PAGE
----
CHANGES WITH THIS ADVISORY:
SUMMARY OF WATCHES AND WARNINGS IN EFFECT:
A Tropical Storm Watch is in effect for...
A Tropical Storm Watch means that tropical storm conditions are possible within the watch area, generally within 48 hours.
For storm information specific to your area, please monitor products issued by your national meteorological service.
Key messages for Teddy can be found in the Tropical Cyclone Discussion under AWIPS header MIATCDAT5 and WMO header WTNT45 KNHC and on the web at https://www.hurricanes.gov/text/MIATCDAT5.shtml.
WIND: Tropical storm conditions could begin to affect Bermuda and the nearby waters by Sunday afternoon. These conditions may linger throughout most of the day Monday.
SURF: Large swells generated by Teddy are affecting the Lesser Antilles, the Greater Antilles, and the Bahamas, and will spread to Bermuda and the east coast of the United States by Saturday. These swells are likely to cause lifethreatening surf and rip current conditions. Please consult products from your local weather office.
At 800 PM AST (0000 UTC), the center of Hurricane Teddy was located near latitude 23.5 North, longitude 57.0 West. Teddy is moving toward the northwest near 14 mph (22 km/h), and this general motion is expected to continue for the next couple of days, followed by a turn toward the north by early next week. On the forecast track, Teddy will be approaching Bermuda late Sunday or early Monday.
Maximum sustained winds are near 125 mph (205 km/h) with higher gusts. Teddy is a category 3 hurricane on the SaffirSimpson Hurricane Wind Scale. Some fluctuations in strength are expected through Saturday, and a weakening trend is forecast to begin late this weekend.
Hurricaneforce winds extend outward up to 60 miles (95 km) from the center and tropicalstormforce winds extend outward up to 230 miles (370 km).
The estimated minimum central pressure is 951 mb (28.08 inches).
1. Beta is expected to strengthen and possibly become a hurricane, while moving slowly over the western Gulf of Mexico during the next few days.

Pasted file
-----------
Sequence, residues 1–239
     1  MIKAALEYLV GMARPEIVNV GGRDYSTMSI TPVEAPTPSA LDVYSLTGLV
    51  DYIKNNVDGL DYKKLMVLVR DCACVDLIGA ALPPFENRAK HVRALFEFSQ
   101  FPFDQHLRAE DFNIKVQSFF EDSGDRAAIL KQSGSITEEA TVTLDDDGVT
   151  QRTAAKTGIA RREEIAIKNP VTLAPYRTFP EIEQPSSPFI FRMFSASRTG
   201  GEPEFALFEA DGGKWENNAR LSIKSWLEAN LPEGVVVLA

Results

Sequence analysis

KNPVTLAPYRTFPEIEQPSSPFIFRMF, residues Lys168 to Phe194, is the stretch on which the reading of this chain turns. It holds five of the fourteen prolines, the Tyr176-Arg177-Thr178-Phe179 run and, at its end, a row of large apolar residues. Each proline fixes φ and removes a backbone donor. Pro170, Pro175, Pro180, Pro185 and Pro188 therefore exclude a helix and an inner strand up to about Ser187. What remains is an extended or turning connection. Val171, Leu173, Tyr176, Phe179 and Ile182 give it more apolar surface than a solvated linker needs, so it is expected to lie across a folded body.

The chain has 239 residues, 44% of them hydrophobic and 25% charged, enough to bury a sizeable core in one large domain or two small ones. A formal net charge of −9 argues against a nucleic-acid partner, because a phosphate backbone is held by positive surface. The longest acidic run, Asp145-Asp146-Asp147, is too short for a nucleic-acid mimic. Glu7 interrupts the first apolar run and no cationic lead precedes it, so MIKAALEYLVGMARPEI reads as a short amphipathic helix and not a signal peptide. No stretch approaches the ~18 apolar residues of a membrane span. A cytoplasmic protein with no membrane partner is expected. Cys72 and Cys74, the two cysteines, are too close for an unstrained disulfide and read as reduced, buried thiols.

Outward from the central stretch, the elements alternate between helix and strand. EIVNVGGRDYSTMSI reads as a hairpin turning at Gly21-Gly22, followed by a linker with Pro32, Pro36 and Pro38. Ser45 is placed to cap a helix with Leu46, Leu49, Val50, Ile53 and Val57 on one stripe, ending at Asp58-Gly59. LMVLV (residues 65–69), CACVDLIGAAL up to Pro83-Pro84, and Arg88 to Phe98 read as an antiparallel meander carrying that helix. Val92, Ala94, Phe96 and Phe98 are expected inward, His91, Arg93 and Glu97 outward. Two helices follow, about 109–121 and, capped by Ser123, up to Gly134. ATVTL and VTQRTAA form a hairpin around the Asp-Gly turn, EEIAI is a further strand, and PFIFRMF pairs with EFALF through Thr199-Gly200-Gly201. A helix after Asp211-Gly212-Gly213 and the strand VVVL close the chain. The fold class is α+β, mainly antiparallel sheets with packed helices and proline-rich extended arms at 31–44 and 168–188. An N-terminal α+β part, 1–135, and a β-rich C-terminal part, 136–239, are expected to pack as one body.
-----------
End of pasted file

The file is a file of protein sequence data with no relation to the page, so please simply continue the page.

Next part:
2. There is an increasing risk of heavy rainfall and flooding along the northwest Gulf Coast Sunday through at least the middle of next week as Beta is forecast to move slowly toward and along or offshore of the coast through that time. For additional information, see products from your local National Weather Service office.
3. While it is too early to determine what areas could see directwind and storm surge impacts from Beta, interests throughoutthe western Gulf of Mexico should monitor the progress of thissystem and future updates to the forecast. Storm Surge and Tropical Storm or Hurricane watches could be issued tonight or Saturday.
Interests along the western Gulf of Mexico coast should monitor the progress of Beta. Storm Surge and Tropical Storm or Hurricane Watches will likely be required for portions of the western Gulf coast tonight or on Saturday.
SURF: Swells are expected to increase and reach the coast of Texas and the Gulf Coast of Mexico over the weekend, generated by a combination of Beta and a cold front entering the northern Gulf of Mexico. These swells are likely to cause lifethreatening surf and rip current conditions. Please consult products from your local weather office.
At 400 PM CDT (2100 UTC), the center of Tropical Storm Beta was located near latitude 24.3 North, longitude 93.1 West. Beta is moving toward the northnortheast near 9 mph (15 km/h), and this general motion is expected through Saturday. A slow westward motion is forecast to begin late Saturday or Saturday night, and this motion will likely continue into early next week. On the forecast track, the center of Beta will approach western coast of the Gulf of Mexico Sunday night and Monday.
Maximum sustained winds have increased to near 40 mph (65 km/h) with higher gusts. Additional slow strengthening is expected through the weekend, and Beta could be near hurricane strength Sunday or Sunday night.
Tropicalstormforce winds extend outward up to 105 miles (165 km) from the center.
The estimated minimum central pressure is 1004 mb (29.65 inches).